Measured at the withers from 14 to 15 hands, with occasional individuals exceeding this height. The croup slightly higher than the withers.
The withers high, set well back and heavily muscled on both sides beyond the usual European standard. Shoulders long, deep, broad at the base and powerful, but light at the points. The arm long, oblique and muscular. The forearm broad at the elbow, long and muscular. Knees large, square and deep. The cannon bone short, flat and clean, of not too great size but showing exceptionally strong heavy tendons. The fetlock joint exceptionally large and bold. The pasterns long, sloping, very elastic and strong. The hoof hard, large, round, wide and low at the heel. Legs should be set well together in front, straight and toe squarely ahead.
Looking from the front or rear, the ribs will be seen to bow out and protrude beyond the quarters. The ribs run to a great depth beneath the chest and give room for great heart and lung capacity. The ribs hold their size and are close coupled to the point of the hip bone. The back unusually short due to the absence of two of the usual vertebrae and the oblique angle of the shoulder. The body long below with a low belly, capable of holding feed. The transverse measurement of the thorax equal to, or a little greater than, vertical measurement.
The croup slightly higher than the withers; the loins broad; the haunch longer in proportion and quite horizontal; the tail set on high, arched and carried gaily in the air at the first motion of the animal. The quarters long, well-muscled and somewhat narrow with a fine line denoting speed. The hams well filled out. The hocks clean, well let down, of almost abnormal size and strength, giving great leverage to the tendons at the gaskins. The shank bone flat, clean and short, with large tendons. The pasterns long, sloping and muscular. The fetlock joint of exceptional size. The hoof hard, large, round, wide and low at the heel. The hind legs placed squarely under the hind quarters and parallel to the body.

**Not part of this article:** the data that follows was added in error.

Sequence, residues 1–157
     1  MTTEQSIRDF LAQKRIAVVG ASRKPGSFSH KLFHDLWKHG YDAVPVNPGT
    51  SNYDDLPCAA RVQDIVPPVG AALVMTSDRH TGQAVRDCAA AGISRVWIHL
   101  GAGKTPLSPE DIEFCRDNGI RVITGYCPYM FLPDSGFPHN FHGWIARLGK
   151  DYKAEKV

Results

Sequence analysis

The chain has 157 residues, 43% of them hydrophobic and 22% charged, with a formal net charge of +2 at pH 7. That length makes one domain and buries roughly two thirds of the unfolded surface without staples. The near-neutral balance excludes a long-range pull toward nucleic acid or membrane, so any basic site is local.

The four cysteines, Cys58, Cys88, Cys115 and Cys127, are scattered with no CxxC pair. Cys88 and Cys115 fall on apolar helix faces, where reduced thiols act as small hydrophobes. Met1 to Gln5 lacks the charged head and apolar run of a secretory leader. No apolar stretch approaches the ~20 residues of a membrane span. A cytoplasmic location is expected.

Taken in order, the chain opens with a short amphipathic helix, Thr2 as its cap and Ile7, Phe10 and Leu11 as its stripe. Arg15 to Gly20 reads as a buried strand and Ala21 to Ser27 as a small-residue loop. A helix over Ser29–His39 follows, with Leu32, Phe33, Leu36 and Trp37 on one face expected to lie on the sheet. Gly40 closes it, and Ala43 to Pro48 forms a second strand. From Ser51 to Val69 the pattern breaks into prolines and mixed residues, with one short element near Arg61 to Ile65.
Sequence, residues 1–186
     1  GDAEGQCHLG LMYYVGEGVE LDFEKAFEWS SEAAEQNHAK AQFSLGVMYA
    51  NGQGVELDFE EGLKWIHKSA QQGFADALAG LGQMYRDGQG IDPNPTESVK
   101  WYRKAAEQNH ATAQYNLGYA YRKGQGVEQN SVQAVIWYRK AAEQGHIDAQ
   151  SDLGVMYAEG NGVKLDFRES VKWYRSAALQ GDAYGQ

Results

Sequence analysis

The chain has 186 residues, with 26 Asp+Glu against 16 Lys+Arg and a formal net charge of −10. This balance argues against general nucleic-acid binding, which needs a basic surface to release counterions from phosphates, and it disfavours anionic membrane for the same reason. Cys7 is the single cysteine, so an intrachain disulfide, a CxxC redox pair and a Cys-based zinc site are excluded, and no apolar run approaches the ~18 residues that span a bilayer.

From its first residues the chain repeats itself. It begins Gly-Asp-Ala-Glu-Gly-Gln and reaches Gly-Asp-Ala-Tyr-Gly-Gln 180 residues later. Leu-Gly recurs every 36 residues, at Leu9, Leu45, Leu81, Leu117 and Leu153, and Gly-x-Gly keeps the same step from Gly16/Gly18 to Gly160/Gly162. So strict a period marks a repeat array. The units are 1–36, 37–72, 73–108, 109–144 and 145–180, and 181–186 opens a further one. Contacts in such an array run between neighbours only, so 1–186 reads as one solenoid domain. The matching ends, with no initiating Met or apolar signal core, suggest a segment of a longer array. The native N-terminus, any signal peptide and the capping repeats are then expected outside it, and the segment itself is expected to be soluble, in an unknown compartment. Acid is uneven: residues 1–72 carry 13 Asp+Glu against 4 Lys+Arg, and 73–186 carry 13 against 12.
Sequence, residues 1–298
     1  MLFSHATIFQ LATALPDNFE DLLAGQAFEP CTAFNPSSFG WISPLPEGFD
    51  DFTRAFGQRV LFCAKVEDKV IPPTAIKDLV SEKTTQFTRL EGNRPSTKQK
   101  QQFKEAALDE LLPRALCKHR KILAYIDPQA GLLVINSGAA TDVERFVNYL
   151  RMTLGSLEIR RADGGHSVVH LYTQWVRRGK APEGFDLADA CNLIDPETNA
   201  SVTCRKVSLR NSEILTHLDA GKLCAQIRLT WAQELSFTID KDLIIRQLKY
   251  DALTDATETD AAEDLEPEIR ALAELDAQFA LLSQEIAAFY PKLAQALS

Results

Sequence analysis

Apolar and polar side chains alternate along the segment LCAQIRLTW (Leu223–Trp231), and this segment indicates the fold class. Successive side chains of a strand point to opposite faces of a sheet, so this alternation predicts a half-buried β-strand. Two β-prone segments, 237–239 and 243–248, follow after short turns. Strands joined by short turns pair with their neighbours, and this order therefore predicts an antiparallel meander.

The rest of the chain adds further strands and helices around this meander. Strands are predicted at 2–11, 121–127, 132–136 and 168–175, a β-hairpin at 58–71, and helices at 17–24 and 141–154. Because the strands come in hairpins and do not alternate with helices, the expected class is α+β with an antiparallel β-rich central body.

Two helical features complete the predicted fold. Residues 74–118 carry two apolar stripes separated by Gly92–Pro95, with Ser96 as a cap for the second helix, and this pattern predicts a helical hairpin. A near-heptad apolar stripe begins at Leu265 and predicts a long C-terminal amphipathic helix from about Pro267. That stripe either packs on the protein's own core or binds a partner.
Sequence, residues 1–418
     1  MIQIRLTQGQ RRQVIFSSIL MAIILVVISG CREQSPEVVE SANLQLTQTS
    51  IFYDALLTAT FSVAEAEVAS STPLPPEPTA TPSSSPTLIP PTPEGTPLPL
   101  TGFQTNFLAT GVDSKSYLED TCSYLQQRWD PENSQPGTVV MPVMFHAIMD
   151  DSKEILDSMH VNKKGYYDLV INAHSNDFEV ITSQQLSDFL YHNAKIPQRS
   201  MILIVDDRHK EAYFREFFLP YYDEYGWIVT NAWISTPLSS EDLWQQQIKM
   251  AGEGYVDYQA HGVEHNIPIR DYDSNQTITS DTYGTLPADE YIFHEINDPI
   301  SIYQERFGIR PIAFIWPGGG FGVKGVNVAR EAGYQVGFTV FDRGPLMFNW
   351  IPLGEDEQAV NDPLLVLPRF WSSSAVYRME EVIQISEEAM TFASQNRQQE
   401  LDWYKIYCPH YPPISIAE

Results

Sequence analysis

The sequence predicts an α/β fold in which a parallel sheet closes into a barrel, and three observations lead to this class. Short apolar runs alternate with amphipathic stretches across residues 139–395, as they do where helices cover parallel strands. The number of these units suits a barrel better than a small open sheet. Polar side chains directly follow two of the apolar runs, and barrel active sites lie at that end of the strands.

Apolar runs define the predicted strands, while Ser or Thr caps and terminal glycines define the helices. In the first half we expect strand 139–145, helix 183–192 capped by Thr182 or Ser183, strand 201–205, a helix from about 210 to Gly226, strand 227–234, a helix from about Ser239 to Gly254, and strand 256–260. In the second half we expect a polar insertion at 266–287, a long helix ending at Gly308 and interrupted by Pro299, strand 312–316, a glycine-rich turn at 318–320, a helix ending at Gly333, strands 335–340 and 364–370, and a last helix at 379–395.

Mane and tail long and very fine in texture. Coat thick, close, fine, soft and silky.
In Arabia, 35% are bays; 30% greys; 15% chestnuts of various shades and 20% browns of various shades and rarely a black. Stars, strips or blaze faces; snipe noses, and a white foot or more or white stockings are common markings. Solid white, while much prized, is comparatively rare. Duns, piebalds, yellows and roans are not seen; parti-colored horses are always crossbreds.
The Arabian should present the appearance of short coupling and great weight carrying capacity for his height, hold his head and tail high with alert bearing and arched neck, and show action with stability.